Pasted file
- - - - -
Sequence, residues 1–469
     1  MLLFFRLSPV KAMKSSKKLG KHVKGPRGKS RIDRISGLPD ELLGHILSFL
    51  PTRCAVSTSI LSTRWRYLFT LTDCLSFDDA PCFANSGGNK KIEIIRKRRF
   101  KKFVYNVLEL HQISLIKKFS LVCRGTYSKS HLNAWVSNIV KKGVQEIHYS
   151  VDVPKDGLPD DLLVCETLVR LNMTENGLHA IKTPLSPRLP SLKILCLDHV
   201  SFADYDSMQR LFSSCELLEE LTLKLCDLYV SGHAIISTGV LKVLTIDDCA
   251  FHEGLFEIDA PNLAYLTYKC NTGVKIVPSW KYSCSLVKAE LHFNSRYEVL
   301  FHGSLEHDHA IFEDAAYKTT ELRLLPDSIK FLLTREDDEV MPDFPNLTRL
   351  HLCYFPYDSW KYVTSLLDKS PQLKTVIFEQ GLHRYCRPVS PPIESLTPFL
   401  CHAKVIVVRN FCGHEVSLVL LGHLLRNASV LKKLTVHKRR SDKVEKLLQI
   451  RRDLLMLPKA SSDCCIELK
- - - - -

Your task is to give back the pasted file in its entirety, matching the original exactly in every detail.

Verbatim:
Sequence, residues 1–469
     1  MLLFFRLSPV KAMKSSKKLG KHVKGPRGKS RIDRISGLPD ELLGHILSFL
    51  PTRCAVSTSI LSTRWRYLFT LTDCLSFDDA PCFANSGGNK KIEIIRKRRF
   101  KKFVYNVLEL HQISLIKKFS LVCRGTYSKS HLNAWVSNIV KKGVQEIHYS
   151  VDVPKDGLPD DLLVCETLVR LNMTENGLHA IKTPLSPRLP SLKILCLDHV
   201  SFADYDSMQR LFSSCELLEE LTLKLCDLYV SGHAIISTGV LKVLTIDDCA
   251  FHEGLFEIDA PNLAYLTYKC NTGVKIVPSW KYSCSLVKAE LHFNSRYEVL
   301  FHGSLEHDHA IFEDAAYKTT ELRLLPDSIK FLLTREDDEV MPDFPNLTRL
   351  HLCYFPYDSW KYVTSLLDKS PQLKTVIFEQ GLHRYCRPVS PPIESLTPFL
   401  CHAKVIVVRN FCGHEVSLVL LGHLLRNASV LKKLTVHKRR SDKVEKLLQI
   451  RRDLLMLPKA SSDCCIELK